Consolidation in the forex prime brokerage (FX PB) sector is becoming increasingly apparent, especially to hedge funds. A new report by Acuiti, commissioned by Standard Chartered, underscores the growing concerns among fund managers about the adverse changes occurring in the sector. The study, based on interviews with 57 hedge fund operations executives, shows that nearly 40% have reduced their FX PB partnerships in the past three years, often because providers are exiting the market.

Declining Number of FX Prime Brokerage Relationships

The report revealed that hedge funds are increasingly worried about the thinning landscape of FX PB providers. The most common reason for reducing these relationships was an internal consolidation decision. However, one-third of the firms that reduced their FX PB providers did so because their existing broker withdrew from the market, while 24% were forcibly offboarded.

fx prime brokerage
Source: Acuiti

Firms that were either offboarded or whose provider left the market reported multiple challenges. These included reduced access to liquidity, the costs associated with onboarding a new broker, and heightened operational and settlement risks. Notably, more than a third of these firms lacked a contingency plan, further intensifying their concerns.

“Hedge funds are highly reliant on their FX PB providers and it is no surprise that levels of concern are high across the market,” Ross Lancaster, the Head of Research at Acuiti, commented.

Also, the industry's risk profile has undergone scrutiny following several high-profile losses, including the Archegos Capital Management collapse. These incidents have led to increased minimum monthly commissions and the offboarding of smaller firms that offer lower transaction volumes, creating a two-tier market.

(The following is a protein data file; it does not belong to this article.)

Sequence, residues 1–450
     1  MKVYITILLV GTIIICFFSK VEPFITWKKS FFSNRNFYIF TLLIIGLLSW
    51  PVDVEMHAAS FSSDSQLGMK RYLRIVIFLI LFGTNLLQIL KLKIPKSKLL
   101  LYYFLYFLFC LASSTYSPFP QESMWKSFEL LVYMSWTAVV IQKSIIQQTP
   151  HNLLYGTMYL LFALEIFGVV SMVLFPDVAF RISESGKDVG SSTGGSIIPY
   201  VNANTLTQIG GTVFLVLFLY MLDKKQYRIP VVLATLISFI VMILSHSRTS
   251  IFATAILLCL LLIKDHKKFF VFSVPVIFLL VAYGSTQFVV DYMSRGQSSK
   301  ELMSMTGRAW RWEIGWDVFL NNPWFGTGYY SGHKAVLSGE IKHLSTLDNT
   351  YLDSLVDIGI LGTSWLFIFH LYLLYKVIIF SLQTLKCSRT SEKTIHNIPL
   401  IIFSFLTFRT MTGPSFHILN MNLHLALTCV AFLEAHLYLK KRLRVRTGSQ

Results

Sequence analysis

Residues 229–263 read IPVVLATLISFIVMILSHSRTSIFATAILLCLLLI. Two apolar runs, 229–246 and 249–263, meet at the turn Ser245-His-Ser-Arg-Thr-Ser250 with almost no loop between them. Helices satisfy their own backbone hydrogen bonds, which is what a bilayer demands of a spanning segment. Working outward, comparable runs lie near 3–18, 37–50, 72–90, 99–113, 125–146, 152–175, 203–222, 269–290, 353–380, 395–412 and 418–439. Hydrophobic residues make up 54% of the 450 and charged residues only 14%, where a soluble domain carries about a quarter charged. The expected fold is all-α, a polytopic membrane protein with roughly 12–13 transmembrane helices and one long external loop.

fx prime brokerage
Source: Acuiti

“There is an opportunity for expansion among the sell-side to meet the demand from hedge funds both to access unique trading opportunities in emerging and frontier markets but also to reduce operational risk associated with the dependence on specific providers,” Lancaster added.

Satisfaction Levels Vary by Firm Size

In addition, the study found that smaller hedge funds, particularly those with Assets Under Management (AUM) of less than $1 billion, risk facing limited provider options.

Hedge funds' contentment with the number of available FX PB providers differed substantially based on the size of their AUM. Around 43% of firms with an AUM of less than $1 billion expressed dissatisfaction, compared to only 12% and 8% among firms with an AUM of over $5 billion. Consequently, smaller hedge funds are increasingly dissatisfied with their limited options.

fx prime brokerage
Source: Acuiti

In 2023, there has indeed been little talk about new FX PBs entering the market. Instead, the focus has been on existing firms being acquired. For example, in September, Marex announced the acquisition of Cowen's prime brokerage business. However, the cryptocurrency market offers an opportunity for industry growth, where investors are continually seeking greater trust.

Impact and Future Outlook

Over half of the surveyed firms were quite concerned about the possibility of their FX PB providers exiting the market, while 16% were very concerned. Andy Ross, the Global Head of Prime & Financing at Standard Chartered, noted that hedge funds are facing increasing challenges in finding a reliable FX PB provider, particularly as they seek to expand their currency trading strategies.

Therefore, as the market continues to evolve, hedge funds must be increasingly strategic in choosing their FX PB providers, especially in a consolidating market that poses both operational and liquidity risks.

“At the same time, with ongoing growth in the global market place, hedge funds from across the world are looking for a partner that can provide access to a broad spectrum of currencies to optimise their trading strategies,” Ross concluded.

This research report draws upon a survey involving 57 hedge funds, with participants hailing from various regions, including North America (19%), the European Union (24%), the UK (29%), Asia (22%), and other parts of the world (6%). The AUM for these funds ranged from $0-100 million (11%), $101-500 million (16%), $501 million-1 billion (14%), $1-5 billion (23%), to over $5 billion (37%).